Again, with rotations is where it gets tricky. For simplification let's assume I didn't translate, just rotated, by 45º along the Y axis. Since this is a cube of size 1.0 on all sides, I know that the new max and min will be around (0.7, 0.5, 0.7) and (-0.7, -0.5, -0.7) respectively. How do I know that, well, rotating 45º on the Y axis makes the cube diagonals aligned with the X and Z axises and so I have to use those to calculate the new max and min. And the diagonal will be SQRT(1^2 + 1^2) = 1.4, which gives 0.7 when diving by 2 for the max/min vectors.

But this doesn't work (or I don't know how to make it work) when the object is not a cube (but a rectangle instead, in other words, different sizes for all axises) and when the rotated angle is something different, like 30º. With 45º we have the diagonals aligned with the X and Z axises which is what we need for a good AABB. But rotation something different doesn't give us aligned diagonals and so we can't use them (or I don't know how to use them to make it work).

Understand better my problem now? It's a little confusing and since English is not my main English, it can be hard for me sometimes to explain exactly what I want to say...

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[quote]Although I think you're making a big fuss out of nothing.[/quote]
On the forums I frequent at least, it's fairly common for issues not directly related to the stated question to be addressed by those who reply. Quite often someone will ask about X while posting code with problem Y, and as part of answering the question, people will address problem Y as well as responding to question X. Once you've spent a little time on the boards, I think you'll see this is not at all uncommon, and while it may not always be well received, in most cases at least, the intent is to be helpful (maybe just not in the exact way that the poster was expecting).

Whether the forums [i]should[/i] work this way is up for debate, I suppose, but for better or for worse, it's generally the way they do work.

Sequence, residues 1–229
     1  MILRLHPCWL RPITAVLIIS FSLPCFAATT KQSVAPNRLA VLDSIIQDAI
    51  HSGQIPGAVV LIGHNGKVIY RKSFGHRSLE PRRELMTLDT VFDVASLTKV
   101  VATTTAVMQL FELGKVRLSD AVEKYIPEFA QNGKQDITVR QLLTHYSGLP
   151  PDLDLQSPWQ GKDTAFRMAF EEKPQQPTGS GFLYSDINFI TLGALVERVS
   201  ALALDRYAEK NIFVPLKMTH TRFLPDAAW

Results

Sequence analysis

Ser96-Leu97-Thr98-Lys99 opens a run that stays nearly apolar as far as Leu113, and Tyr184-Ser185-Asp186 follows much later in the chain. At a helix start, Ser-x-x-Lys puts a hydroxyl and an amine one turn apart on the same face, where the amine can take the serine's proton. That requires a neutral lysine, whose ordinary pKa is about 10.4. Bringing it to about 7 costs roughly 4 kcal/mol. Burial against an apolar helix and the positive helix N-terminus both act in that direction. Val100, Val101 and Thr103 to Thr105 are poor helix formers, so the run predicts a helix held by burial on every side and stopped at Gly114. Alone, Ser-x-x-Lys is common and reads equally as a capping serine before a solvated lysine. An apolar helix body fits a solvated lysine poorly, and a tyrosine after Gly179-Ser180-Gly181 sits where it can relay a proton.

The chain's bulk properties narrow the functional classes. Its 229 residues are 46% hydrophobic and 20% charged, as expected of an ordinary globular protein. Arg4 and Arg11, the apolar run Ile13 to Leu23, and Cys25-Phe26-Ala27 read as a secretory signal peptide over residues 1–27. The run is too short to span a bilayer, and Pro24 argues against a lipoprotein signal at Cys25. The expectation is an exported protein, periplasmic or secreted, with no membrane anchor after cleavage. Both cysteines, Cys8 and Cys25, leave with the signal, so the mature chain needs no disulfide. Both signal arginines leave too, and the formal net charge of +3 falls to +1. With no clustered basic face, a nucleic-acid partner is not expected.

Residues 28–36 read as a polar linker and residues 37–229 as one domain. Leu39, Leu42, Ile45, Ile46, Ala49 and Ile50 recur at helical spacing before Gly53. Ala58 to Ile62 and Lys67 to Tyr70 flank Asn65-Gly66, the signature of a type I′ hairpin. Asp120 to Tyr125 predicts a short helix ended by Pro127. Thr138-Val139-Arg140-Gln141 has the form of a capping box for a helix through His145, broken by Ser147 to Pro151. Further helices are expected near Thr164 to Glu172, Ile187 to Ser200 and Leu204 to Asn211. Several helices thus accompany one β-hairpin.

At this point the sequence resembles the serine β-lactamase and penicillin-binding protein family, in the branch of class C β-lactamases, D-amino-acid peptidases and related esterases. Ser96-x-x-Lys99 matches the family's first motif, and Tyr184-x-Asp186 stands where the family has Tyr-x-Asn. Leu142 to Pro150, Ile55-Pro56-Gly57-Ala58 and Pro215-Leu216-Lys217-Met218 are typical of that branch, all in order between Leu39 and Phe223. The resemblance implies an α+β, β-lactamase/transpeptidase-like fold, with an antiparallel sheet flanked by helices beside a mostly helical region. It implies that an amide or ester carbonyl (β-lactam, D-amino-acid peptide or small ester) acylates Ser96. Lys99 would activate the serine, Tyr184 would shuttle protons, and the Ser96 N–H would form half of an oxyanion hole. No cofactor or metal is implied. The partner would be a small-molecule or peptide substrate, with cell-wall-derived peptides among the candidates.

As for 'making a fuss', I tend to be fairly detailed in my replies, and when I have a point to make, I'll sometimes devote a fair amount of attention to said point. Perhaps this seems like 'making a fuss' to you; if so, fair enough, I suppose. But, I stand by the emphasis I've placed on the issue.

[quote]It's a little confusing and since English is not my main English, it can be hard for me sometimes to explain exactly what I want to say...[/quote]
I may not be fully understanding the question, but if so, it's certainly not due to your writing (which is very clear and easy to understand :).

In your post above, it sounds to me like you're just asking how to compute the corners of the box once it's been rotated - is that correct?

If so, the answer is to transform the local-space corners of the box by the same transform you're using for the object. How to do this depends on what information you have available. How is the transform represented? (You may have already answered this question, but I can't remember at the moment.) A position vector and a quaternion? A 4x4 matrix? Something else?

In any case, you can always build a matrix representing the transform and then transform the local-space corners using a matrix-vector multiplication (using a 4-d vector with the 'w' element set to 1) or a special-case 'point transform' function.

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Well, this is getting confusing lol...

I appreciate your help but I don't care about this any longer (at least for now). This university project is due tomorrow and I can't be bothered with this problem anymore, I still need to finish the report about the whole thing (which I haven't started yet). I decided to go with bounding spheres, they seem to work just fine for this project.

However, someone helped me out over at StackOverflow and I believe his answer does exactly what I want but I don't have time to test it and see if it really works. But I suppose it does so I'll just leave a link here for anyone else interested:
http://stackoverflow.com/questions/6053522/how-to-recalculate-axis-aligned-bounding-box-after-translate-rotate

Again, thank you for your time.

Regards.

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[quote name='Nazgulled' timestamp='1306080419' post='4814255']
However, someone helped me out over at StackOverflow and I believe his answer does exactly what I want[/quote]
The general method described in the accepted StackOverflow answer is similar to the method I described earlier, only less efficient (although the difference in performance is unlikely to matter in this case).

But, I'm sorry we weren't able to help. I never quite got what the specific question was, but that was probably my failing.

Anyway, good luck with the project.